Mary Kunz
The Buffalo News, May 2003

"The performance shines like stained-glass windows, in bright, primary colors. It's enough to make anyone rejoice. **** Stars"

Los Angeles Times, May 2003

"Rutter's 1985 Requiem carries on the tradition of consoling requiems à la Brahms, Fauré and Duruflé - as opposed to the wrath-of-God school of Mozart, Berlioz and Verdi. The language is consonant and melodic, the tone as uplifting as Bernstein at his most optimistic. Rutter led the premiere recording of the chamber orchestra version in 1986 (Collegium), and he produced this new budget-priced edition of the version for organ and instrumental sextet. The reduced version is paradoxically more imposing than the orchestral one - thanks to the deep-bass organ underpinning - and the brisker tempos, reduced instrumentation and clearer sound of this performance make Rutter's tunes shine more brightly. Naxos also throws in two blessings for choir and organ that sound like pop ballads, a trio of somewhat more austere choral anthems, and two flashy examples of Rutter's solo organ music."

James Jolly
Gramophone, May 2003

"One of the most performed Requiems of the modern age, John Rutter's dates from 1990. It does not present insuperable demands to its performers and as a result has been taken up by amateur choirs the world over. Naxos continues its conquest of Cambridge's college choirs and finds that from Clare College on excellent form. I suspect this will be one of those Naxos recordings that sells by the ten thousand rather than merely the thousand. If your tooth inclines to the sweet, this is one for you."

John Steane
Gramophone, May 2003

"Fresh, natural performances by Rutter's original Cambridge choir, plus rarely heard organ pieces. Naxos has done well to invite the choir of Rutter's own Cambridge college to represent him in its catalogue, which certainly could not have gone much longer without something of the man who has become the most popular British composer of choral music in recent years."


"Another splendid choral recording, just pipped by a whisker as my Recording of the Year by the Tenebrae disc. This CD features the first ever recording of the alternative, small ensemble scoring of John Rutter's moving and eloquent Requiem. In my original review I weighed up the pros and cons of this recording against the composer's own in which he uses the fuller orchestral version. There are points in favour of both (excellent) recordings although the reduced scoring produces a greater intimacy, which some collectors may prefer. There is no doubt that this new recording is exceptionally fine with the Clare College choir on top of their very considerable form. A selection of shorter choral pieces and two organ works complete a very desirable programme. This CD is another feather in the Naxos cap and is urgently recommended."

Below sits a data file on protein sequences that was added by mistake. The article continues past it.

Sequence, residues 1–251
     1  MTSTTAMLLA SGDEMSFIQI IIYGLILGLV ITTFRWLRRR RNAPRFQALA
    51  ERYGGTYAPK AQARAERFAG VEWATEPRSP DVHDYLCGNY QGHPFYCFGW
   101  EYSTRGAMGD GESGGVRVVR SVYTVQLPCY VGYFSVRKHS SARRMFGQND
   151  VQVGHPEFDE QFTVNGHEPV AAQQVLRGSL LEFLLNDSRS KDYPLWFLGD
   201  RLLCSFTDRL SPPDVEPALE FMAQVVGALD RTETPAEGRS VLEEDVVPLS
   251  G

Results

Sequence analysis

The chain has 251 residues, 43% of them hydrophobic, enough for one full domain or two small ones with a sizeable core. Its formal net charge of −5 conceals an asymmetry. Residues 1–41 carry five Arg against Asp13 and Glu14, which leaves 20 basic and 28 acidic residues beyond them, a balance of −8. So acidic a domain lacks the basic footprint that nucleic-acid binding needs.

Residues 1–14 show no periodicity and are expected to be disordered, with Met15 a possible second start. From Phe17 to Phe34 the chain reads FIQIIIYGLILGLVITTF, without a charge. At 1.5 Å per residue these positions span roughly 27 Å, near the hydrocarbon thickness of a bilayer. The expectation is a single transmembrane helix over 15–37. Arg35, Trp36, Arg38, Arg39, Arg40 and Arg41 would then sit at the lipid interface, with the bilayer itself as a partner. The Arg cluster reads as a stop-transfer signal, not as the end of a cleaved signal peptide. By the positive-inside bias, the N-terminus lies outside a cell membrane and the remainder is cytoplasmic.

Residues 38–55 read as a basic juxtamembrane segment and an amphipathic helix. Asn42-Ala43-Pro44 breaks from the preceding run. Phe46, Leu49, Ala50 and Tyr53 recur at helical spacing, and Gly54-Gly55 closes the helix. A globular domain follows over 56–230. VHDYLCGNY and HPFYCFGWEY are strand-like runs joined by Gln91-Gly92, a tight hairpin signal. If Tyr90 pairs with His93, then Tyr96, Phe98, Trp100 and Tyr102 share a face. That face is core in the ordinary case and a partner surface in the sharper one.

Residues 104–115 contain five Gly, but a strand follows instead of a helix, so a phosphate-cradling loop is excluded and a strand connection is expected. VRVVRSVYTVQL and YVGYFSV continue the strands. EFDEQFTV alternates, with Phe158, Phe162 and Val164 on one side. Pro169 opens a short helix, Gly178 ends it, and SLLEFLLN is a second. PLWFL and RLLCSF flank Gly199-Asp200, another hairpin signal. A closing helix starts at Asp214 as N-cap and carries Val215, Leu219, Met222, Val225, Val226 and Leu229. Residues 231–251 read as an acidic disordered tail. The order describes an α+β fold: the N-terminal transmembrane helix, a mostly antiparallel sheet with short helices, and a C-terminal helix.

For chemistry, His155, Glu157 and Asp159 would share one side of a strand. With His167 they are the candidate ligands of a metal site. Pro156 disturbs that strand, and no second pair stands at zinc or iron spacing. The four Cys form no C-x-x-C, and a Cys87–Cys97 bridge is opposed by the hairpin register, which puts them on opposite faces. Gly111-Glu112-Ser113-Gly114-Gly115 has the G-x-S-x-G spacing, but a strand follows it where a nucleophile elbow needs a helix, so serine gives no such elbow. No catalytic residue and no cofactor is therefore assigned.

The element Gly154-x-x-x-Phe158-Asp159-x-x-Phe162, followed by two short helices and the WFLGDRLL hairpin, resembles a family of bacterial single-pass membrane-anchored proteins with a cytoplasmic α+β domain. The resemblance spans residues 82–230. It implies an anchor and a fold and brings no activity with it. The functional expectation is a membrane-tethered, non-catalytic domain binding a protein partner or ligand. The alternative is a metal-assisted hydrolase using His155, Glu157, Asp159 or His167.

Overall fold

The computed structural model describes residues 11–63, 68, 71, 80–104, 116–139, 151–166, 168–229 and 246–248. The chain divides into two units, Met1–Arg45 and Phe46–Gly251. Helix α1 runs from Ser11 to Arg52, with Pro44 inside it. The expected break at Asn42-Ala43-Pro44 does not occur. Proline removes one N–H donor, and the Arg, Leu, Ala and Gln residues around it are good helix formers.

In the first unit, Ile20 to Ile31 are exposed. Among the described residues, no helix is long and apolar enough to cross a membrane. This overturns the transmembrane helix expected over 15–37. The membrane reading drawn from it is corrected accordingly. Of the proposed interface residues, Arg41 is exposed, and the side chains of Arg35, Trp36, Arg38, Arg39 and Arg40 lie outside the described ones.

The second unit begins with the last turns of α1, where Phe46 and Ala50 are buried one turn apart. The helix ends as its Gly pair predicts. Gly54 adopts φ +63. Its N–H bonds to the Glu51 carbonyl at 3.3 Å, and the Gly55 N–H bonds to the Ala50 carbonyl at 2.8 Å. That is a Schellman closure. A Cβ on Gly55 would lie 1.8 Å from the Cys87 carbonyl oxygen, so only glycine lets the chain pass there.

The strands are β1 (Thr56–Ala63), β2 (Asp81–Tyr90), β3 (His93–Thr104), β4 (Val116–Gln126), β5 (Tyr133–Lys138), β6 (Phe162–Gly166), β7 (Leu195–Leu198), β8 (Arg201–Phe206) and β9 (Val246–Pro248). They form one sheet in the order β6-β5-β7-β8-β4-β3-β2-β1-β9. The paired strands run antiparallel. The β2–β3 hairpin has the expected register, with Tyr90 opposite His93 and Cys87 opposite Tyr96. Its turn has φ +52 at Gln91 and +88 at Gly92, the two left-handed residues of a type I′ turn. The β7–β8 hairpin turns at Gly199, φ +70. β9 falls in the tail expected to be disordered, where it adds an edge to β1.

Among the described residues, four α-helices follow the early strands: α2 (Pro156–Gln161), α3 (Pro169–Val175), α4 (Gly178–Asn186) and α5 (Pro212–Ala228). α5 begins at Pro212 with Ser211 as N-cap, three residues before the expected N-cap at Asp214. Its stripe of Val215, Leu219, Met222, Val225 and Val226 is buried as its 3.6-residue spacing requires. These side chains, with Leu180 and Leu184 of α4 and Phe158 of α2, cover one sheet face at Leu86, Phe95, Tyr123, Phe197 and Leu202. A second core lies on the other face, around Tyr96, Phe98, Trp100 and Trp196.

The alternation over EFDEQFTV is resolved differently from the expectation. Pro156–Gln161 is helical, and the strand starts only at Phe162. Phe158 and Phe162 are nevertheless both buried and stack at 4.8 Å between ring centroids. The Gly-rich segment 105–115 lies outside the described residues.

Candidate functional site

Scott Morrison,

"This disc is lovely from start to finish and is enthusiastically recommended to choristers, organists, choir directors and, most of all, music lovers of all stripes."

David Vernier

The Clare College Choir, with whom Rutter has a history both during his days as a music student and later as the choir's director, gives the kind of technically solid and interpretively meaningful performance that we would expect, considering the composer's hands-on involvement and well-known concern for accuracy, both musical and sonic. Like Caroline Ashton on Rutter's Collegium disc, Clare's Elin Manahan Thomas delivers the soprano solos with a clear, ringing, effortlessly natural quality, and the choir is a model of responsiveness and sensitivity in phrasing and dynamics, preserving ideal balance across registers and among vocal sections.

The sound, from Berkshire, England's Douai Abbey, provides ideal space and resonance for these eminently singable--and listenable--pieces, works that belong in the collection of every true lover of choral music."

Raymond Tuttle
Classical Net

"This is the premiere recording of the version for chamber orchestra...The singing is touching and intimate, and technically accomplished without calling attention to itself. Kudos to soprano Elin Manahan Thomas who negotiates the occasional solo line with humble radiance...This is an interesting road that Naxos has taken, and I hope that the label will return to Clare College and Rutter's music."

Robert Croan
Pittsburgh Post-Gazette

"Good value on this mid-priced label: a solid, uncut performance (from Budapest) with lots of vitality. Naxos also offers a useful "Introduction to 'The Barber of Seville' " in its Opera Explained series."